I read the article in the Florida SunSentinal where you said that competing in your first triathlon at 72 was not a big deal. Please explain that further.I can easily walk a 5K and do several 5K races each year.  I often ride my hybrid bike ten or more miles.  When I swim, three of four times weekly, I swim for 3,000+ yards.  All I had to do was tie these together.  Not a big deal.

joel-in-5k-portion-2

What injuries or health conditions did you have to overcome prior to the race?
Both my knees are shot.  Both have been scoped and they have damages, bone spurs, debris and lots of arthritis.  In August of 2012, I had major back surgery for stenosis and disc damage.  I had two discs replaced, a titanium cage placed around my spine in that area, and had that portion of my spine fused.  It is for these reasons that I can no longer run.  After the operation, I made a commitment to be even better at what I could still do than I had been before.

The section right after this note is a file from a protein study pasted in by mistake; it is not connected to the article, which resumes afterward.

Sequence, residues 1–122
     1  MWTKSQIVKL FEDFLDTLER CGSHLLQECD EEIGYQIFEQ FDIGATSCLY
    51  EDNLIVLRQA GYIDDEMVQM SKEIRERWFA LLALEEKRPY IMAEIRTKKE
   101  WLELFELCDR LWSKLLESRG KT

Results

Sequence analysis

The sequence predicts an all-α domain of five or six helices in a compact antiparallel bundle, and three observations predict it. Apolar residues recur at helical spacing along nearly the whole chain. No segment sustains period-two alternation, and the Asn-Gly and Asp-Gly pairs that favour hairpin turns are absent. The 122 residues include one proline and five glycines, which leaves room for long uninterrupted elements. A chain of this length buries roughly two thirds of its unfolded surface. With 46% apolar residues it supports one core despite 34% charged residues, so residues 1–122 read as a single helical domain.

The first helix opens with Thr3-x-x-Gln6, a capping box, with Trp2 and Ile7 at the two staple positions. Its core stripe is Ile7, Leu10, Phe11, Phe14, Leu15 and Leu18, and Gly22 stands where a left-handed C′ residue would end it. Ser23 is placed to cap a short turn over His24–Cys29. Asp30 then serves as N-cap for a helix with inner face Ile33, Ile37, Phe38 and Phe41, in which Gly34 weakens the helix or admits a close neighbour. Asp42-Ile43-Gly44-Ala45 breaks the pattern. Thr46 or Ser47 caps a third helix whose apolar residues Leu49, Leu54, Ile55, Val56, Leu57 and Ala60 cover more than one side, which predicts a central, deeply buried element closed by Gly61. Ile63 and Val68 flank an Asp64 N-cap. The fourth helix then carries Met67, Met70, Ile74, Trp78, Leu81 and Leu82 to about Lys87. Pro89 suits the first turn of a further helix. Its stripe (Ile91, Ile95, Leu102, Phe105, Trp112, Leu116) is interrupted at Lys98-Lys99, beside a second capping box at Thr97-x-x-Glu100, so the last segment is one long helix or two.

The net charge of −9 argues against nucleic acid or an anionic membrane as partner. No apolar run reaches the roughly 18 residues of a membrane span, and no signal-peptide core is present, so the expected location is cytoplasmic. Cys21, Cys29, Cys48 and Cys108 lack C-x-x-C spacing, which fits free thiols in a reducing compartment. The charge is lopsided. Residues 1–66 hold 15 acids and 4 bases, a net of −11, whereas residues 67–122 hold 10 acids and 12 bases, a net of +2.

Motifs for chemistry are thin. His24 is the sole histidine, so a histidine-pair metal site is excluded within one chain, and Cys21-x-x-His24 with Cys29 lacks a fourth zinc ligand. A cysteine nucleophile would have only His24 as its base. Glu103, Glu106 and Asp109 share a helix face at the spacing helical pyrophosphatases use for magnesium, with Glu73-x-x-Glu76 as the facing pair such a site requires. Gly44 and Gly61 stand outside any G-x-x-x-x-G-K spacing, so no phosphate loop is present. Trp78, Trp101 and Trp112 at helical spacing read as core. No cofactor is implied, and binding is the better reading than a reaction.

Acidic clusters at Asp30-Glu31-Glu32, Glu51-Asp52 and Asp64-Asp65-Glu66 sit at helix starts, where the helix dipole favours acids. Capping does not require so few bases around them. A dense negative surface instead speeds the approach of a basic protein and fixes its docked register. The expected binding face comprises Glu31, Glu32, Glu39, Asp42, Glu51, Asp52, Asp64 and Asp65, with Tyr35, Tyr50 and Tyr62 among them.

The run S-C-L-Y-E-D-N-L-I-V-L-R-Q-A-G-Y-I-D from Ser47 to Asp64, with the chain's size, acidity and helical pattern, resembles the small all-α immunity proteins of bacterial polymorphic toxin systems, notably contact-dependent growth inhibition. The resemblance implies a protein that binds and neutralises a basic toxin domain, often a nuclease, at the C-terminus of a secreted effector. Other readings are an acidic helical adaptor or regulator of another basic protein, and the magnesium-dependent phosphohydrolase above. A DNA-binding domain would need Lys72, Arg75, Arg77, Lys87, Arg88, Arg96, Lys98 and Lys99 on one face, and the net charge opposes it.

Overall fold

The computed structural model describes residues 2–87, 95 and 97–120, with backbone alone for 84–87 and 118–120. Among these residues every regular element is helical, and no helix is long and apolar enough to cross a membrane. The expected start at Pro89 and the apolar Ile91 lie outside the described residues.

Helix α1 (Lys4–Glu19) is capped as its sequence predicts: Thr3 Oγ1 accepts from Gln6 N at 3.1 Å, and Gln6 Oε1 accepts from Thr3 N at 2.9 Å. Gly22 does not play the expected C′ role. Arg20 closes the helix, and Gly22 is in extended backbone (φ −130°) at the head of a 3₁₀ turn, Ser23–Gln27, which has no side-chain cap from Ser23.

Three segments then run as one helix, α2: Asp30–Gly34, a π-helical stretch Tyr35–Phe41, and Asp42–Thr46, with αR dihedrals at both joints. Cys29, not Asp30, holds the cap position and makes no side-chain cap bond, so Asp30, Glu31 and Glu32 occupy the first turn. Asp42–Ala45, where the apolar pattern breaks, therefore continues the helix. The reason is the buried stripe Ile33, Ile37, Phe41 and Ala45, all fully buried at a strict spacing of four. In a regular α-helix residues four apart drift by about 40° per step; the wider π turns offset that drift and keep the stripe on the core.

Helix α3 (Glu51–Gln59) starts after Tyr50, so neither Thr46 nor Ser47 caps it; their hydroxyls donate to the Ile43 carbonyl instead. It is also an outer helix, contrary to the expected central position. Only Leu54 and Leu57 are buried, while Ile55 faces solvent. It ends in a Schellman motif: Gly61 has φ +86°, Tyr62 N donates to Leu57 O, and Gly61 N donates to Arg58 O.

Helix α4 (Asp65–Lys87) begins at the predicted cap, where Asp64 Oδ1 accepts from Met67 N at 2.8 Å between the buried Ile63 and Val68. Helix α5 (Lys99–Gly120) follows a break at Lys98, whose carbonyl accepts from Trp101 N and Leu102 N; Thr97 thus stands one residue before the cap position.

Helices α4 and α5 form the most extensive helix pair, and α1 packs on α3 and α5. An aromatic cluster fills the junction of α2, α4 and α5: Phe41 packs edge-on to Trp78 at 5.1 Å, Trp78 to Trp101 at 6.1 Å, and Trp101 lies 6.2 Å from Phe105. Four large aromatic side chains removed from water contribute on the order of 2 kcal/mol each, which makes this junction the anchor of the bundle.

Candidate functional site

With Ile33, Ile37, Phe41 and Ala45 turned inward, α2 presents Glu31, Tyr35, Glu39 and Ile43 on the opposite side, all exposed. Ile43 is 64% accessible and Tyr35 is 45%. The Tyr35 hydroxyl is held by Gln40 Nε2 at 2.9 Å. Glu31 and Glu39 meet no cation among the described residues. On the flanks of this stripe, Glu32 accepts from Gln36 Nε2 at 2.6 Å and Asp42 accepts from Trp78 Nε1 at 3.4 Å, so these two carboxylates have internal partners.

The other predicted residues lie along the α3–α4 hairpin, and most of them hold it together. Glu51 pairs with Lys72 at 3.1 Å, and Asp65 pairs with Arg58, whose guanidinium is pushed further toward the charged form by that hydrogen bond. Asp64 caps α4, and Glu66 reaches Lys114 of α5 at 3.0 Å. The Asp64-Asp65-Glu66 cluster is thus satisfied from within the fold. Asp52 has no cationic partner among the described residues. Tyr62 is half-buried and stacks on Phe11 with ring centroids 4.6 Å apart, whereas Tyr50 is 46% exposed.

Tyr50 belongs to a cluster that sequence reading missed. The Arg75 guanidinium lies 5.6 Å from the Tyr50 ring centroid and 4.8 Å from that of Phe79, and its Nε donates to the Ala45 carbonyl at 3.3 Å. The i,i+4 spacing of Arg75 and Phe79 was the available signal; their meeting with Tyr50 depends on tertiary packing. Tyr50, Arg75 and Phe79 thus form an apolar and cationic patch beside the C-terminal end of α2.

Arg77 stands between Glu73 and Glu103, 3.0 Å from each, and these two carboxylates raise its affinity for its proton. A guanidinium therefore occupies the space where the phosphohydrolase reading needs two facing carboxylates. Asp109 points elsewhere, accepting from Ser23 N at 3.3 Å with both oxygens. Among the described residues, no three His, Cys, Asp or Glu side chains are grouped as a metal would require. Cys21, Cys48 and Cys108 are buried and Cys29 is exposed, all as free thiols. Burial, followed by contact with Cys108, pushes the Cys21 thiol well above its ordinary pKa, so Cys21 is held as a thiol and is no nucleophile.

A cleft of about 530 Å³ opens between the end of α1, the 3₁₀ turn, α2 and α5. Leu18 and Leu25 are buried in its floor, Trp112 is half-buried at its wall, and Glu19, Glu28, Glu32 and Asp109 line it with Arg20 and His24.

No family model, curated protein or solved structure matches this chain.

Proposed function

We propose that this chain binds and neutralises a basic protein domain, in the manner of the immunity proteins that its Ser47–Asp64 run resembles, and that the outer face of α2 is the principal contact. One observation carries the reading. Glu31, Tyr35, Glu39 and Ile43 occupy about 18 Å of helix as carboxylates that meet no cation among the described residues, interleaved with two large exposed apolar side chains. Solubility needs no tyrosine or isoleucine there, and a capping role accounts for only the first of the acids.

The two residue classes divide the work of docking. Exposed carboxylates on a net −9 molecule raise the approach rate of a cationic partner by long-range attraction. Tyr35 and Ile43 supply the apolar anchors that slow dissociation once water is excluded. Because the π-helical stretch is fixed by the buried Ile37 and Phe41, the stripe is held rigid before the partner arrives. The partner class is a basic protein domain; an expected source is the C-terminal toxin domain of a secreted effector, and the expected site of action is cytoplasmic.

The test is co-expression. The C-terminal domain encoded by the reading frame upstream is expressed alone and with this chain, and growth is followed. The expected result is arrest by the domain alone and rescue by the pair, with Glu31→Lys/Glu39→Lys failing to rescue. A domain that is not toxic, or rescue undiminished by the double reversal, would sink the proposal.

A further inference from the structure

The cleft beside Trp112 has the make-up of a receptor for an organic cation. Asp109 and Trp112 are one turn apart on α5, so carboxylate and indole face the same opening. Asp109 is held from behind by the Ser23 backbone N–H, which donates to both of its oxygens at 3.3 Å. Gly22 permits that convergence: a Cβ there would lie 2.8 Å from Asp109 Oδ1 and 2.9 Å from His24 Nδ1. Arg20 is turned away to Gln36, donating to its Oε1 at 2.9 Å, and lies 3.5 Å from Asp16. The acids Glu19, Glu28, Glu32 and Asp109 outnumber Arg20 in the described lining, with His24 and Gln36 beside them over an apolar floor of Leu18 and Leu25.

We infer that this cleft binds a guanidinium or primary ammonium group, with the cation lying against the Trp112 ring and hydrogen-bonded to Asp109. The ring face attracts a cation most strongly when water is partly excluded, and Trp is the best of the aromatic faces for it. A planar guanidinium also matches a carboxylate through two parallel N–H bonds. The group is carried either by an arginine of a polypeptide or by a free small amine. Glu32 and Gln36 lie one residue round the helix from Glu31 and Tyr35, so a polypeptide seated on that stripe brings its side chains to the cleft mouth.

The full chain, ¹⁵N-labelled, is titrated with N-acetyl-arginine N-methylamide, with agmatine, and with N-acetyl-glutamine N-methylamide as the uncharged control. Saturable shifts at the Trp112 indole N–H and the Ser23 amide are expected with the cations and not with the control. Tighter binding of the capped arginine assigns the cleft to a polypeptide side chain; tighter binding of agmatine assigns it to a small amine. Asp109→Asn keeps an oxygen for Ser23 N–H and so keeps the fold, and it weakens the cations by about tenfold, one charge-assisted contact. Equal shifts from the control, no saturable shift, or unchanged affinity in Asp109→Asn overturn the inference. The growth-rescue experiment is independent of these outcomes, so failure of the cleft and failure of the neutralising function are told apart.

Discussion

Your wife, Susan, is super supportive of you and I know that the two of you often compete in the same road races. How much does the support from her motivate you?
Susan, my relationship with her, my ability to ‘keep up’ with her and be her forever partner is 98% of my motivation in everything I do.  When we do a race together and she comes back to ‘run me in’ for the last half mile or so, I feel that burst of energy that makes me want to excel as much as I can.


If you were to choose three words to describe yourself, what would they be?
Funny, Youthful, Competitive

 

Did you follow any special nutrition program in preparation for your triathlon? If not, please tell us about your normal/usual nutrition habits?